c) A model that demonstrates that state investments for any trunk infrastructure targeted at the poor increases the integration of poor communities into the formal systems of the city.
More information about the proposed project is forthcoming. Please watch this space for more information.
[*] Kibera is generally regarded as Nairobi’s largest slum.
“Crafting a suit that fits”
pictured above: A crowded market area in Mukuru, Nairobi.
Editor’s note: The following text is the foreword to a community-led profile, or inventory, of all informal settlements in Nairobi, Kenya, published in 2009.
By Irene Karanja, Muungano Support Team (MUST) and Jack Makau, SDI secretariat
As we were writing this inventory, residents of Mukuru Sinai came to Pamoja Trust for help in fighting off an eviction threat. Sinai is part of a belt of slums collectively called Mukuru that run along the length of Nairobi’s industrial area. Sinai is built on both sides of the petroleum pipeline. A dangerous place to live. The state owned corporation, Kenya Pipeline Company had issued an eviction notice to the residents. The corporation had plans to expand the line. Sinai’s residents have no legal title to the land and so the company did not feel compelled provide compensation or alternative relocation options. The residents said they would go with a relocation plan.
This story is not unique for Kenyan slum dwellers. Theirs is a-wrong-way-round world. Conventionally, security of tenure is the quiet enjoyment of personal space bestowed on citizens by their Government. It is different for slum residents. Since no one will bestow any space to them, they have little choice but to squat on any parcel that is unutilized. And by virtue of numbers, because they outnumber those legally bestowed citizens, their claim carries truth – not all the truth but certainly some truth.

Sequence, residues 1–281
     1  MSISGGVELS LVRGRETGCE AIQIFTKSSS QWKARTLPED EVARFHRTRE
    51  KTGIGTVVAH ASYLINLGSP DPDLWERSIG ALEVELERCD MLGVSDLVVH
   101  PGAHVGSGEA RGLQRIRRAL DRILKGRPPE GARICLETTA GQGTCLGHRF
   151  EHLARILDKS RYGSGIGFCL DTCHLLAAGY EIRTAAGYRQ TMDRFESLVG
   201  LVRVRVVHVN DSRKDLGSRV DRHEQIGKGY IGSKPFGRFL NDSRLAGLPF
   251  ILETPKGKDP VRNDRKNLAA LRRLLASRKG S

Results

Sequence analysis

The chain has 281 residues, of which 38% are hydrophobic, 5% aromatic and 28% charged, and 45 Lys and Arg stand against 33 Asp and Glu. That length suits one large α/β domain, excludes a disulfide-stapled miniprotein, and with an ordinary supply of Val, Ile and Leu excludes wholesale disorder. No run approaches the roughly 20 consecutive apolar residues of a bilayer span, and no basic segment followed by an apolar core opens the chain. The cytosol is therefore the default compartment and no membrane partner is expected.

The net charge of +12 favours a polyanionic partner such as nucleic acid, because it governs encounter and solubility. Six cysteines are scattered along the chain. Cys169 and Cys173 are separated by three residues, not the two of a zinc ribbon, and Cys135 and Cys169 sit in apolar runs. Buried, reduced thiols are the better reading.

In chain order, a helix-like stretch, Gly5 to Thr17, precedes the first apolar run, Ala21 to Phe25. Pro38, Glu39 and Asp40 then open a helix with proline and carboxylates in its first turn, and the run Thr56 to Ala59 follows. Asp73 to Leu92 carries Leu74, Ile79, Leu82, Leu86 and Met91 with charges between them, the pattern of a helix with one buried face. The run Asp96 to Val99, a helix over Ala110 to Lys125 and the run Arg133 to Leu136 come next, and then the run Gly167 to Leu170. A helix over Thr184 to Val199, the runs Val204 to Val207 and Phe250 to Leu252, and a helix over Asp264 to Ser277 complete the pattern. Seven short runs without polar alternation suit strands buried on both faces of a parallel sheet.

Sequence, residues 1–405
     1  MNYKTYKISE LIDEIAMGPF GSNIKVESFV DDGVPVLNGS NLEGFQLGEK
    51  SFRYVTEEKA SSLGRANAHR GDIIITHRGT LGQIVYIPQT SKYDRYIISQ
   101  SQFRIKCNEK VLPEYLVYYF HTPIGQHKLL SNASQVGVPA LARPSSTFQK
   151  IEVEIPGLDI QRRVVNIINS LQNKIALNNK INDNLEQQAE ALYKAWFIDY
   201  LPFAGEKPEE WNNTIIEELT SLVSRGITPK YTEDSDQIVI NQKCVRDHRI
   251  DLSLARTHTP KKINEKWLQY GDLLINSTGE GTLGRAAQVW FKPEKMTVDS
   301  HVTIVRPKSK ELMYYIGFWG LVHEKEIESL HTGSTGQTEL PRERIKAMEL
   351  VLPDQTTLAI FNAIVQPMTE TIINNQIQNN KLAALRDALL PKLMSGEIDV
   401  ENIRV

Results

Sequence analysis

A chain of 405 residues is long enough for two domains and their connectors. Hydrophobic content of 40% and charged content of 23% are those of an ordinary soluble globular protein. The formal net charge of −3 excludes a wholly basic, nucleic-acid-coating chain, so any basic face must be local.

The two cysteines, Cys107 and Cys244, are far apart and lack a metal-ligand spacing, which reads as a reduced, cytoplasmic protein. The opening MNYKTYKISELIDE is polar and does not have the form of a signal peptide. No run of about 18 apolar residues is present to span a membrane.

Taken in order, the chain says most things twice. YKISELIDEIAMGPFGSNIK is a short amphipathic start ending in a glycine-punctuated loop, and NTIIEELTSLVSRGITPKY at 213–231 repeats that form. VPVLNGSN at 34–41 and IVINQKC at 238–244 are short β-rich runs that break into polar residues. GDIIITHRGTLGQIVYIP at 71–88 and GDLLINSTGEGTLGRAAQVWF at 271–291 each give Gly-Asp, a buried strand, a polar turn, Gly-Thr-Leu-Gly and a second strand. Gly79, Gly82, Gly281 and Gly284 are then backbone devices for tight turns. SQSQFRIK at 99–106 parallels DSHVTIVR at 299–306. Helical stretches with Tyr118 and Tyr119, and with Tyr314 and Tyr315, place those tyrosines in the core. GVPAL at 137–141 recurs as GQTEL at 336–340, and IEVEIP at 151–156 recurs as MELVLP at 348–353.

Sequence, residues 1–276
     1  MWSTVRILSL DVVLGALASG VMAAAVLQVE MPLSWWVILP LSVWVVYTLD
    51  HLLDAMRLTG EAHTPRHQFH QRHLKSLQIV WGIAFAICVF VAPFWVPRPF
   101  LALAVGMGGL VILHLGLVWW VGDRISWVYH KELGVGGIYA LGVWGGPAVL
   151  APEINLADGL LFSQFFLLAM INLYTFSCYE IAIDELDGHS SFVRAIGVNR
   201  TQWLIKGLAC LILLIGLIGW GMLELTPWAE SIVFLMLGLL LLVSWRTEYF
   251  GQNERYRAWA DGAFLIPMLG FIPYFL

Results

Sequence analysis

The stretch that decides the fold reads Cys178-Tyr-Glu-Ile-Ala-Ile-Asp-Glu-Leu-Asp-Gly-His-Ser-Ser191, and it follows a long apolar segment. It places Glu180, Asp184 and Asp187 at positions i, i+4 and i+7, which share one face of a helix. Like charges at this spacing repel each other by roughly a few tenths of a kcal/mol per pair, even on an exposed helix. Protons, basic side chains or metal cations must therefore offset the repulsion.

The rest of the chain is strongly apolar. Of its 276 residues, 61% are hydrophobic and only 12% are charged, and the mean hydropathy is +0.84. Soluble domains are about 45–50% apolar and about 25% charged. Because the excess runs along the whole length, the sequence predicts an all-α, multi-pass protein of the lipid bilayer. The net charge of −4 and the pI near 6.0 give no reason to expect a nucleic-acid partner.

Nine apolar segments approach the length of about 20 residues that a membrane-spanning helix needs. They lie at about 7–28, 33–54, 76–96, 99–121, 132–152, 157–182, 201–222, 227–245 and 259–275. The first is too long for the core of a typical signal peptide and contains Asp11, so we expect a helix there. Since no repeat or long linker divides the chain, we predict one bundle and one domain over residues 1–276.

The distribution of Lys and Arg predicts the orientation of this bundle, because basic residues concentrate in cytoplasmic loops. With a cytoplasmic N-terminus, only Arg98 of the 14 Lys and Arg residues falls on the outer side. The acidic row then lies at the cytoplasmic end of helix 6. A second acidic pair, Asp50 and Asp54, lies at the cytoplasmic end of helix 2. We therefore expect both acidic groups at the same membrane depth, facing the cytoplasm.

So the Mukuru story epitomizes a battle of truths for urban space. Losing the battle for the slums would mean the residents of Sinai, and a hundred other slums, become entirely destitute. It is not a battle they can afford to lose. Yet, to yield to their existence would be to accept a breakdown of social order and the rule of law. Then, only a negotiated position that appreciates the values, believes and needs of the state, and those of its dislocated poor, is a workable way forward.
In Kenya today, there is a process of negotiation between the slums and the state. Rather unfortunately this process is characterized by aggression. The state declares its commitment to solving the slum problem and sets up a program within a Ministry to coordinate slum upgrading. The state then finds that the slums are very inconveniently located. There are slums on riparian, road, power, railway and other utility reserves and on private poverty. It follows that whenever any organ of the state, except the slum upgrading program, is confronted with a slum, that organ seeks to evict the people. And on the slum dweller’s end, every eviction is resisted. If and when resistance fails the next step is inevitably the invasion of some other contestable land.